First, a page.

Clare Cullen considers the case of Croydon London Borough Council v Kalonga  UKSC 7. The Supreme Court considered if, and how, a flexible tenancy can be ended during the fixed term.
How is the case significant for landlords and tenants?
The terms of a flexible tenancy should be considered carefully to see whether the tenancy can be ended during the fixed term. If a landlord seeks to end the tenancy early pursuant to a forfeiture clause, the landlord will have to serve a section 146 notice and seek a termination order before, or at the same time as, seeking possession.
Localism Act 2011: The Localism Act 2011 introduced flexible tenancies under sections 107A to 107E, Housing Act 1985. These are fixed term secure tenancies which can be ended on simpler grounds than under Schedule 2, Housing Act 1985 after the fixed term has ended.
Housing Act 1985, section 82: Section 82 Housing Act 1985 sets out how a fixed term secure tenancy “subject to termination by the landlord” can be brought to an end by the landlord. This includes subsection 82(3) which provides for an order terminating the tenancy in lieu of forfeiture (whereby a periodic secure tenancy would arise) and subsection 82(4) which provides that section 146, Law of Property Act 1925 applies to proceedings under subsection 82(3).
Law of Property Act 1925, section 146: Section 146, Law of Property Act 1925, provides that a right of re-entry or forfeiture for breach of a lease is not enforceable unless the landlord has served a notice complying with the section. Section 146, Law of Property Act 1925 does not apply to non-payment of rent. A lessee may apply for relief from forfeiture.
In May 2015, the local authority granted Ms K a flexible tenancy for five years. The tenancy agreement stated that the authority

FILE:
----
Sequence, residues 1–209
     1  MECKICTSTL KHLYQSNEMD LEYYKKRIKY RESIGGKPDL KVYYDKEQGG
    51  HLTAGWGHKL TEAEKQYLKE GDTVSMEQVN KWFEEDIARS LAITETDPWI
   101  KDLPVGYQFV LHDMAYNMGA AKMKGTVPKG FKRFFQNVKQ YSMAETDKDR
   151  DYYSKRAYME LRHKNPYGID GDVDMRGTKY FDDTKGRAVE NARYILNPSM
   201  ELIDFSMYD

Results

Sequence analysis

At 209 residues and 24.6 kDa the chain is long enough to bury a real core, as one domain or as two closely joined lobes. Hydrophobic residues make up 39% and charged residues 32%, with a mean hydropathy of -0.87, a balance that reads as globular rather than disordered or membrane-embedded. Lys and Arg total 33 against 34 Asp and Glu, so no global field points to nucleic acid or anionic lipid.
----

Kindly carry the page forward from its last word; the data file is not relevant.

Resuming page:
“may also take eviction action at any time if one or more of the grounds of possession set out in Schedule 2 of these conditions apply.”
In August 2017, before the fixed term had ended, the authority served a notice seeking possession on grounds of anti-social behaviour and rent arrears. The authority did not serve a section 146 notice.
Possession proceedings were issued. The case was transferred to the High Court to consider how a flexible tenancy can be determined during the fixed term.
The High Court held that the authority’s tenancy agreement did not contain a provision for forfeiture. Had it contained such a provision, a possession claim would have been sufficient without the landlord having to seek a termination order under section 82(3), Housing Act 1985.
The Court of Appeal also held that the tenancy agreement did not contain a provision for forfeiture. However, the Court of Appeal considered that, even if there had been a forfeiture provision, the only way the fixed term tenancy could have been brought to an end early was to serve a section 146 notice and obtain a termination order under section 82(3), Housing Act 1985.
Outcome - the Supreme Court judgment
The Supreme Court allowed the appeal in part. A flexible tenancy can only be ended by the landlord during the fixed term if the tenancy agreement contains a break clause and/or a forfeiture clause.
A clause is a forfeiture clause if:
(a) when exercised, it operates to bring the lease to an end earlier than it would ‘naturally’ terminate, and
(b) it is exercisable in the event of a default by the tenant.
If the tenancy agreement contains a break clause, and the clause become exercisable, a landlord can take possession proceedings without serving a section 146 notice or seeking a termination order under section 82(3), Housing Act 1985.
If the tenancy agreement contains a forfeiture clause, the landlord must serve a s.146 notice (other than in rent arrears cases) and seek a termination order under section 82(3), Housing Act 1985 before, or at the same time as, seeking possession on statutory grounds.
If a tenancy agreement contains neither a break clause nor a forfeiture clause, the tenancy cannot be ended during the fixed term.
The reference in the authority’s tenancy agreement to “at any time” was sufficient to amount to both a break clause and a forfeiture clause. Where the authority was seeking to take possession on fault-based grounds under Schedule 2, Housing Act 1985, this operated as a forfeiture clause. Where the authority was seeking to take possession on non-fault based grounds this operated as a complicated break clause.
The authority had failed to serve a section 146 notice and seek a termination order under section 82(3), Housing Act 1985. Therefore, despite having a forfeiture clause, the claim for possession was bound to fail.